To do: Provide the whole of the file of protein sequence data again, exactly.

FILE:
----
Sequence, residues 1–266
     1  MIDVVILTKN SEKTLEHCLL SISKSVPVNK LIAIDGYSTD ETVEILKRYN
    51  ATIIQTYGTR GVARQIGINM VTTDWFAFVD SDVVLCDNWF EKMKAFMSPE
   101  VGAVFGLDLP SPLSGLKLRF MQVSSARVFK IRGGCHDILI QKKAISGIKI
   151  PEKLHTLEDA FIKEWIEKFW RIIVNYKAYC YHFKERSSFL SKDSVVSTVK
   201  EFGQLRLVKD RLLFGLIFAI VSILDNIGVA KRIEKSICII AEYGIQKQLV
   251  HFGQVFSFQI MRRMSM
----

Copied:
Sequence, residues 1–266
     1  MIDVVILTKN SEKTLEHCLL SISKSVPVNK LIAIDGYSTD ETVEILKRYN
    51  ATIIQTYGTR GVARQIGINM VTTDWFAFVD SDVVLCDNWF EKMKAFMSPE
   101  VGAVFGLDLP SPLSGLKLRF MQVSSARVFK IRGGCHDILI QKKAISGIKI
   151  PEKLHTLEDA FIKEWIEKFW RIIVNYKAYC YHFKERSSFL SKDSVVSTVK
   201  EFGQLRLVKD RLLFGLIFAI VSILDNIGVA KRIEKSICII AEYGIQKQLV
   251  HFGQVFSFQI MRRMSM